Running faster, getting nowhere?

A client said to me yesterday “I feel I’m running ever faster but getting nowhere”.

Mobile phones, email and the general pace of life today all conspire to keep us busy rather than giving us time to ourselves.

My own way of dealing with this is to take long walks on the Somerset levels with our border collie. It gives me time to reflect and to plan.

What has this got to do with running a business?

A great deal, because in this busy world we become increasingly prone to reacting to the moment, to dealing with the immediate problem.

To be effective it is important to create time to look ahead, to think about direction, objectives and strategy.

I know some business owners who take a day away from the office periodically, switching off their mobile phones and email so that they have time to think.

That time can be used to look at overheads and to consider which costs could be reduced; to analyse income streams and identify which are the most profitable; to think about expansion, about incentivising employees, about developing new products or even about whether – and when – to sell the business.

I have lost count of the number of times people have told me they are too busy to do this, but in my experience those who do tend to be the most successful.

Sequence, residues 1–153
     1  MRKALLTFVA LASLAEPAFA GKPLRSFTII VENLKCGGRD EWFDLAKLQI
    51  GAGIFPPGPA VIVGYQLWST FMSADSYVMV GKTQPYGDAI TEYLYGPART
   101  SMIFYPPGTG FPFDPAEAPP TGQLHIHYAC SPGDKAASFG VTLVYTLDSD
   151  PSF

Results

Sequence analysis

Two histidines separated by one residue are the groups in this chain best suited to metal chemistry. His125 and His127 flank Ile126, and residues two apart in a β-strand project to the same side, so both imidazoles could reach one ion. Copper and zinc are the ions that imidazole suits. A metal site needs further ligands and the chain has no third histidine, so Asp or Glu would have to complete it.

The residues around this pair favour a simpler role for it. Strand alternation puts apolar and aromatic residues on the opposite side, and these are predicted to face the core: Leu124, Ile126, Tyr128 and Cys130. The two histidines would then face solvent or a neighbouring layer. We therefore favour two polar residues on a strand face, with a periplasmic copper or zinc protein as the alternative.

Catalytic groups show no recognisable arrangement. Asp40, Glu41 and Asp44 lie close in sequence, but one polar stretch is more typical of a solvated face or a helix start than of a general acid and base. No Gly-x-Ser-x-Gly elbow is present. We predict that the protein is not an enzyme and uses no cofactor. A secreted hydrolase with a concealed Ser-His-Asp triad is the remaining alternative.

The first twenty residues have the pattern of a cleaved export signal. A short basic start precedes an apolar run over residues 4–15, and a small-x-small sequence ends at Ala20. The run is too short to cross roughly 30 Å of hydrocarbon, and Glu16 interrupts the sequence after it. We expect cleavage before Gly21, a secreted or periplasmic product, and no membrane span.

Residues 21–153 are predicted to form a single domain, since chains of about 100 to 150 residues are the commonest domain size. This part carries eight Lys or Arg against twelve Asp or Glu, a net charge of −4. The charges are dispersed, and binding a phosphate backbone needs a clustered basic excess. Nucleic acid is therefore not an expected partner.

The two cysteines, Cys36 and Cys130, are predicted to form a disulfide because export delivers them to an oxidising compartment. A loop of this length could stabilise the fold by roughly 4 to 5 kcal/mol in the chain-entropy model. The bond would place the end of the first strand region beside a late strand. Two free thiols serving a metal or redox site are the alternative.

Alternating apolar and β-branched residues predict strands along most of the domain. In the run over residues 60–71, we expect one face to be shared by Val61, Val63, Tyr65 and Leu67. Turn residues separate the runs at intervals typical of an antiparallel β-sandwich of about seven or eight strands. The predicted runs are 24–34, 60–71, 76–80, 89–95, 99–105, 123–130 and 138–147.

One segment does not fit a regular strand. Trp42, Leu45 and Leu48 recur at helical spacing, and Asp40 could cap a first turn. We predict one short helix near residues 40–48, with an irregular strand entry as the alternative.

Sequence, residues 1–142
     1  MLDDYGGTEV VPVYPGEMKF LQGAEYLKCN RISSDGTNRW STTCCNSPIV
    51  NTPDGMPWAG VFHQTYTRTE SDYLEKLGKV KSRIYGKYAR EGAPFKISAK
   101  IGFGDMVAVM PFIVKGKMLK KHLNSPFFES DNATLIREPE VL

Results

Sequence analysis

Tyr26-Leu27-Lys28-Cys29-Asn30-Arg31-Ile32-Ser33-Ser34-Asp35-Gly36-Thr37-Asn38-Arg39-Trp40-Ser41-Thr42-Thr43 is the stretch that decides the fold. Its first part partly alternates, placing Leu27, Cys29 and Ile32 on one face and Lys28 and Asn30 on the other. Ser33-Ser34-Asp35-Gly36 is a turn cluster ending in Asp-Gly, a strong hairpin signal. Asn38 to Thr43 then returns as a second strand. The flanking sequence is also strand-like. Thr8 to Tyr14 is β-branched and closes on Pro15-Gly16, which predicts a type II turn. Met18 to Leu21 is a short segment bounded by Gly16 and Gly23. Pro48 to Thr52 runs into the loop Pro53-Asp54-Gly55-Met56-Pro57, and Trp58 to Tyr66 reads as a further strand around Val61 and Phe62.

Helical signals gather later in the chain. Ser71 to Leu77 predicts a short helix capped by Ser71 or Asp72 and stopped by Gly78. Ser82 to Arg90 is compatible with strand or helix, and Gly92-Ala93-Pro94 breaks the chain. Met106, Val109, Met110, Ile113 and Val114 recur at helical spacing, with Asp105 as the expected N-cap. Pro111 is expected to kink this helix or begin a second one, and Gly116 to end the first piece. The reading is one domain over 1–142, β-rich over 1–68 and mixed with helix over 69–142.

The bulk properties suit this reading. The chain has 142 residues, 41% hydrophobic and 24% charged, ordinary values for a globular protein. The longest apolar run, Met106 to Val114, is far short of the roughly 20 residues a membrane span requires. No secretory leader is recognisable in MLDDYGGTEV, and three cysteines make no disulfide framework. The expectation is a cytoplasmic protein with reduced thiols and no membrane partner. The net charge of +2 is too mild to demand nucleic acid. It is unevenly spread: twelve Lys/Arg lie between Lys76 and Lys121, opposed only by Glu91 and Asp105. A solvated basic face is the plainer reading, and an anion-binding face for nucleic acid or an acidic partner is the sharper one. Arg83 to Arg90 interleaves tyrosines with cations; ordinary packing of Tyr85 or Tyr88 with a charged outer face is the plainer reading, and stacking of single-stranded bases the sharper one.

As well as making time to think it is important to have effective challenge to your thinking.

In a limited company, that is the role of the non-executive directors and the more challenging they are, the more effective the company’s board becomes.

If you don’t operate through a company, or you only have a very small board, you can ask your accountant to provide this challenge.

They will almost certainly have acted for many businesses, some like yours, others very different.

They will have seen clients face a wide range of problems and opportunities and will be able to use this experience to guide you or to challenge your thinking.

Our collie will make sure I have plenty of time this weekend to think, though her tactics involve an unconventional but effective business planning device in the form of a ball on a string.

If you don’t have one of these, I’d suggest talking to your accountant about creating time to plan and to gain effective challenge, especially if you too feel that you are running ever faster but getting nowhere.

Paul Aplin is a tax partner with A C Mole & Sons and Deputy President of the Institute of Chartered Accountants in England and Wales; you can follow him on Twitter at @PaulAplinOnTax or email him at